I have always dreamed of visiting Provence. Known for its ancient Roman hilltop towns, gardens that inspired Impressionists painters Cézanne, van Gogh, and others, and a local market each day of the week there is something for everyone here whether you love history, art or food. So after our time in Paris and Burgundy with friends, we drove south through the vineyards to begin a week of exploration in this magical region.
We started our journey in Avignon, which was first a medieval trading town on the east bank of the Rhone River. Avignon linked France to the rest of the Mediterranean world via the Pont Saint-Bénézet Bridge, which as legend has it, was constructed after a local shepherd boy received a vision from God urging him to get the town to build the bridge. Mocked by the townspeople, he is said to have “proved” his divine mandate by miraculously lifting a huge stone. A century later, Avignon gaining in significance and popularity, when the Pope relocated from Rome to Avignon and built a palace in town during what is called the Avignon Papacy between 1309 to 1376. We were lucky enough to stay across the street from the Papal Palace at La Mirande, a beautifully restored mansion originally built as a “livrée” (palace) for the Cardinal de Pellegrue. Today La Mirande is an exquisite hotel that offers a study in three centuries of French decorative arts, lovingly brought to life by the Stein family.
Our stay at La Mirande was, in a word, perfect. And that seemed to be a similar feeling amongst the hotel guests, as we ended up chatting extensively with two other couples, exchanging “pinch me, is this place real” remarks throughout our stay as we passed each other in the hallways. What makes this place so special? The owner, Martin Stein. You can feel the care and attention behind every detail, from each beautiful french antique, carefully selected by Martin, who is “never finished” curating the interiors of his hotel, to the harmony of design principles exhibited throughout the property. Many of the beautiful wallpapers and textiles were commissioned specifically for the hotel and produced by some of the oldest wallpaper printing families in France, using 18th century designs and techniques. From the Victorian dining room to guest rooms done up in the Empire-style in the newest wing of the property, La Mirande is a visual feast. When it came time for dinner, we started with a dry martini (martinis are their specialty) in the central courtyard before heading into the dining room for 5 course surprise tasting menu where each dish was more delicious than the last. Given that the menu is a surprise, be sure to leave the wine pairings to the sommelier. We discovered our new favorite french wine that night – Domaine Saint Préfert 2015 Chateauneuf du Pape. Which I’m excited to see we’ll be able to find itwhen we’re back in the states.)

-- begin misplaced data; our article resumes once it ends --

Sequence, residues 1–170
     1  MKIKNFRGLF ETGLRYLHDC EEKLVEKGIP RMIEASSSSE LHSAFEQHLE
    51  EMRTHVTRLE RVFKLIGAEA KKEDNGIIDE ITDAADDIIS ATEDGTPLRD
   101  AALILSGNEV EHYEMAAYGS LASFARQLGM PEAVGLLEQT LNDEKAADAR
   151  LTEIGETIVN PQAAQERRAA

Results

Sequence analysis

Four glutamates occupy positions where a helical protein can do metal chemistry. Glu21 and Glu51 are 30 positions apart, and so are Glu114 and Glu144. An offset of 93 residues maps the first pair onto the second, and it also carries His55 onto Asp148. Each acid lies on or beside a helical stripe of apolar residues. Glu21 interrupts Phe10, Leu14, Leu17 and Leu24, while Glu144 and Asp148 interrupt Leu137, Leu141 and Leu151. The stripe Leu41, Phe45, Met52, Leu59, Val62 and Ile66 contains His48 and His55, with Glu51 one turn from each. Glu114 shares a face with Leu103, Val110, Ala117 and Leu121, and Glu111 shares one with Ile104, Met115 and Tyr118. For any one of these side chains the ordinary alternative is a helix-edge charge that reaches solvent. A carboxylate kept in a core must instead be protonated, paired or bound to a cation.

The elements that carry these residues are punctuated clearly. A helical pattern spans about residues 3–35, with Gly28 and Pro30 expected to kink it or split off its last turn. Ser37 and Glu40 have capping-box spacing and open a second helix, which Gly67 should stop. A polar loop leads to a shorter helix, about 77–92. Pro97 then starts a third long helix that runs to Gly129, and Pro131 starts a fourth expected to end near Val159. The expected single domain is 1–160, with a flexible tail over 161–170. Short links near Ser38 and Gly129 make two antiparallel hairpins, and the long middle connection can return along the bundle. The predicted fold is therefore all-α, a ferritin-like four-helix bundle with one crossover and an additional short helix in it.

Provence is legendary for its antiques markets, and I had always looked forward to visiting L’isle-sur-la-Sorgue’s Sunday market, which includes a beautiful array of cheeses, cured meats and vegetable stands tucked into the narrow lanes of its tiny town, as well as several blocks of antiques laid out on the sidewalk. We arrived early before the crowds, and wandered the lanes in the center of town, gathering cheese and bread for a picnic lunch on the banks of the canal that encircles the town. Aside from our yummy lunch, we didn’t end up taking home any treasures, but didn’t mind since we had plans to visit the massive Avignon Brocante the following day.